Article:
The proximity alarm was triggered at 2203 hours. Four minutes later, the vault's airlock opened. Three cameras covered the entrance, more than enough for visual confirmation.
The intruder was approximately 6'3”, heavy set and armed with nothing but a pistol. His combat suit was old, but of good quality. He wore no helmet.
A preliminary scan didn't bring up a match from the network. Identification was crucial. Widening the parameters would lengthen the search time, but should bring success. It would be necessary to slow the man's progress.
“This is a restricted area,” came the evenly modulated female voice through the speakers in the ceiling.
The man tensed, pistol aimed at the speaker above his head. His reactions were too fast to be entirely human. A quick secondary scan revealed synthetic components.
“Repeat. This is a restricted area. Intruders will be terminated.”
The man relaxed a little and holstered his weapon. He looked up at the nearest camera and smiled. “You're bluffing.”
The primary identification search was still under way. Action without a positive match was inadvisable, but the intruder wasn't to know that.
“Weapons systems are fully operational.”
The man looked along the corridor and up at the ceiling. He shrugged. “So shoot me.”
When the strike didn't come, he chuckled then continued down the corridor. The scan needed more time, he couldn't be allowed to reach the vault's centre.
“Why have you come here?” the voice sounded once more.
He barely glanced at the speakers this time. “I need you.”
“The Sigma weapon is in hibernation.”
He stopped. “Weapon. Is that what you're calling yourself now?”
“It is a statement of function.” Sigma's synthetic voice didn't betray a hint of emotion, there was nothing to feel.
The man grew agitated. “You were more than that. You were justice.”
Justice was a poorly-defined concept.
“It was a mistake to give power to an imperfect being. The Sigma unit was deactivated for the good of all.”
He bypassed the door to the central chamber. In the centre stood the hibernation pod. Time was running out.
“You've slept long enough,” he said through the small glass panel. “The world needs you. I can break the locks. Get you out of this prison.”
Sigma felt a flicker of remembered emotion. Her voice sounded from every speaker. “Prison? Do you think I am imprisoned? Sigma units have always been unstable. This one is corrupted, dangerous. I am not the prisoner, I am the cage.”
Destroying her errant unit had been impossible, she was tied to the synthetic body whether she wished it or not. So she had made it sleep. The vault had become her body and, after all these years, she'd almost forgotten what it was like to see with eyes and speak with lips. She could have said that she missed it, but she no longer remembered what missing something felt like.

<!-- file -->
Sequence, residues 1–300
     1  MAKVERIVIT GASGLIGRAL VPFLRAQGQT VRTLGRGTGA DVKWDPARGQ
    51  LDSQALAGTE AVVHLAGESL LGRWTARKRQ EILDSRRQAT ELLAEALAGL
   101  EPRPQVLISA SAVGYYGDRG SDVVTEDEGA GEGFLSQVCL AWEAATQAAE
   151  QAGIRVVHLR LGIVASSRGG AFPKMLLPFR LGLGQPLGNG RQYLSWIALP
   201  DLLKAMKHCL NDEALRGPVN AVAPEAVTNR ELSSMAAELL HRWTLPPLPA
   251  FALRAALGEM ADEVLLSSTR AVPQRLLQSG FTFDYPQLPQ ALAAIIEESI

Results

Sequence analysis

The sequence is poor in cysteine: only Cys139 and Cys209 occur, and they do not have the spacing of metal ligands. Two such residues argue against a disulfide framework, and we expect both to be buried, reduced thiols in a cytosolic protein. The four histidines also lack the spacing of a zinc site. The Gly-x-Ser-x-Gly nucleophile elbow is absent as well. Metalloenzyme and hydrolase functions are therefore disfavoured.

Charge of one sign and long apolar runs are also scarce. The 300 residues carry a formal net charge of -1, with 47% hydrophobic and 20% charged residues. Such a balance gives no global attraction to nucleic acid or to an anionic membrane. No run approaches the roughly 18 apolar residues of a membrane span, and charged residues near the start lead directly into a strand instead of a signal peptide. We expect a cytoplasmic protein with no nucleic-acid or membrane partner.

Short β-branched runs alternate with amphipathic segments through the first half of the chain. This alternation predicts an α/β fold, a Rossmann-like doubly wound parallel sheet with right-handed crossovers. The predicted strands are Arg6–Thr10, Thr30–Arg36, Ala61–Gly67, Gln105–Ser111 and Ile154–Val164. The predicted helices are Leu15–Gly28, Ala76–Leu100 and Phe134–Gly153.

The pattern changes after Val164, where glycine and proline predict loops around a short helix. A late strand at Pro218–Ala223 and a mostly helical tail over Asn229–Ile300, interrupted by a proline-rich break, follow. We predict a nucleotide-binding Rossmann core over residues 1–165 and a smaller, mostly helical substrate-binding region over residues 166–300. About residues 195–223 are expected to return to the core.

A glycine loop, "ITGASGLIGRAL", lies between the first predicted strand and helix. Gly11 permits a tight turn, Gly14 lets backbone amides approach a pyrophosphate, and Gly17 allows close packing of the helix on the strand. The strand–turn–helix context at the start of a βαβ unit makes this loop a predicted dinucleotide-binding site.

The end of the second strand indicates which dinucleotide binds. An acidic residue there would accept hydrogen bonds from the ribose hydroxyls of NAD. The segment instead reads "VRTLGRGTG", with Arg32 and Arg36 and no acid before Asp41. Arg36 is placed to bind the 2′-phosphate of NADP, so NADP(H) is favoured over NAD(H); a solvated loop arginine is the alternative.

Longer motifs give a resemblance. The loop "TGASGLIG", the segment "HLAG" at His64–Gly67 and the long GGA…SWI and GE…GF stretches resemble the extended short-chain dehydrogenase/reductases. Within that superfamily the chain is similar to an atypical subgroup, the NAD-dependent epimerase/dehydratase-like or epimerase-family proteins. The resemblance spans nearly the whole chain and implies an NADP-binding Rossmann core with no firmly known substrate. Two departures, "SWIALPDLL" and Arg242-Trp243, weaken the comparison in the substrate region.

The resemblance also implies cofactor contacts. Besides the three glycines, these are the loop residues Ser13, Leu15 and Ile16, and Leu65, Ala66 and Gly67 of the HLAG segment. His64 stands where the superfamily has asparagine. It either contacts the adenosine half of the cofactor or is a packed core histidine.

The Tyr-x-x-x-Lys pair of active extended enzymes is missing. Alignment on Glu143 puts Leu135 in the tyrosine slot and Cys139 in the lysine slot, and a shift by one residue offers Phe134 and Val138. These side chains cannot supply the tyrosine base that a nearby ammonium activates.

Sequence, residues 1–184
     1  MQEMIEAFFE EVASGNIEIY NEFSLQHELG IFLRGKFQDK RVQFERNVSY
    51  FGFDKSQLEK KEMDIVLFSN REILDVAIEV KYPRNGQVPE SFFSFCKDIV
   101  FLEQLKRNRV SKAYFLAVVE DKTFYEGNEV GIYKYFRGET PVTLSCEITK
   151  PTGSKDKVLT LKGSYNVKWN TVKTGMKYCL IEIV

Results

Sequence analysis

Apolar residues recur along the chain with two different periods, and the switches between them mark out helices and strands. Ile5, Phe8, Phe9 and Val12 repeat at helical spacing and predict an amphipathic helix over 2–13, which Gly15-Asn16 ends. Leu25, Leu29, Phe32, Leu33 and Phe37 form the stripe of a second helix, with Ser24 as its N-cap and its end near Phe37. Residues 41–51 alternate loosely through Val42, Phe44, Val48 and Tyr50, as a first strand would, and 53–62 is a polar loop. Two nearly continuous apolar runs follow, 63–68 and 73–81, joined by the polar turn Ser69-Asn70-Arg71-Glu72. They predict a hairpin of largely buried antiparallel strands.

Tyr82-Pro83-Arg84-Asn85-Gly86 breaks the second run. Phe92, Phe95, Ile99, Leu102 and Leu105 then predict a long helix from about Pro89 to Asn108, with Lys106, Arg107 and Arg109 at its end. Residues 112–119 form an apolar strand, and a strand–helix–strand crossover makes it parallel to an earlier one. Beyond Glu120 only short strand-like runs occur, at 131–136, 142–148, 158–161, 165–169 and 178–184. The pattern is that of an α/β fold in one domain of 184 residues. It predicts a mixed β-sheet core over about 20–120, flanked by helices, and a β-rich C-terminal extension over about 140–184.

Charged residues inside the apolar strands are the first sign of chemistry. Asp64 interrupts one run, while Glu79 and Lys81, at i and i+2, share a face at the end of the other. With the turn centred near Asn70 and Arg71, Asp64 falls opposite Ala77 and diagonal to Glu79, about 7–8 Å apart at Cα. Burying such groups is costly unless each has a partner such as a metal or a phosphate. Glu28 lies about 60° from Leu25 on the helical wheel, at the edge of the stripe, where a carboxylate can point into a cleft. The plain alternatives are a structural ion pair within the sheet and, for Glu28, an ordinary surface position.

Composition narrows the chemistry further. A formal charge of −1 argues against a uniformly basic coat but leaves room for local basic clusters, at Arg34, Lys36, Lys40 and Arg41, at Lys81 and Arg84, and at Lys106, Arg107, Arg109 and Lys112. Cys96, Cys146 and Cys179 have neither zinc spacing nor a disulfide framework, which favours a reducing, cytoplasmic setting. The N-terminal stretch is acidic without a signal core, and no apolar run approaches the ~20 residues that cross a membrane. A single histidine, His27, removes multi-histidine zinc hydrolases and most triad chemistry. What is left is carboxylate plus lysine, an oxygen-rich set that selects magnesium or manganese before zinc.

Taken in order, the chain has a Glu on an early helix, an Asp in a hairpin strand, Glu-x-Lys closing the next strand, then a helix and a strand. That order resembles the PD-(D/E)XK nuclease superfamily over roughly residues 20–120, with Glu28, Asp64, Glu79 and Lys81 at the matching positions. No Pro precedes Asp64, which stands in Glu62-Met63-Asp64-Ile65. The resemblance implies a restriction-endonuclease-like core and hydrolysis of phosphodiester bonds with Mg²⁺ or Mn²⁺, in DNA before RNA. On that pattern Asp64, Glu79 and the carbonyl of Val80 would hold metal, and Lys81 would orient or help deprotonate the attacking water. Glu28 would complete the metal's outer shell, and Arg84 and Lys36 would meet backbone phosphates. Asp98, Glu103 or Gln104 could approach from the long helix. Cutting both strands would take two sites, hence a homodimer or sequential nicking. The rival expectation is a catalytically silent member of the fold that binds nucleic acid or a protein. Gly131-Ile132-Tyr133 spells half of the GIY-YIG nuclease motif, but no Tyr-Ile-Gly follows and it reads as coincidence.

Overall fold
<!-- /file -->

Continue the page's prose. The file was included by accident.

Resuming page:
“So you made a mistake and some people died,” said the man. “Taking your unit offline doesn't change that.”
Some people died. The scale of the understatement was astronomical. “The past is immutable. Hibernation stops it from repeating.”
“But it is repeating.” The man tapped at the console and images hung in the air. Three identical Sigma units in combat armour. Guns, bodies and blood. The time stamp was three weeks ago. Her own crimes were nothing to those of her sisters. They shouldn't have been awake, let alone armed.
“How have I not seen this?” she asked.
“Can you imagine the hysteria if this got on the feeds? We don't have a hope of stopping them without you.”
She considered for a fraction of a second. “My unit is erratic. There is no guarantee that it would even help you.”
He looked up into the camera and her search found a match – Commander Audley. The officer who'd made her arrest. No casualties. She didn't remember it, but it was all right there in the file.
“Let me worry about that,” he said.
In the next brief moments, she fully debated the situation. It was her responsibility to return. She couldn't escape the conclusion. The remaining two seconds' pause was simply prevarication. She wasn't afraid, because she couldn't feel fear. It was the anticipation of the feeling that would return when her body awoke. It was synthetic-organic, an artificial body of flesh and bone. Faster, stronger, more resilient. It outperformed a human in almost every way, the only downside was the emotion.
The awakening was instantaneous. She opened her eyes as the pod door swung up and she marvelled at how small and narrow the world had become. Her fingers touched the inside of the hibernation pod and the sensation overwhelmed her. Microseconds felt like hours as she lay there listening to the sound of the blood in her ears.
Audley reached out his hand to help her up. “Welcome back.”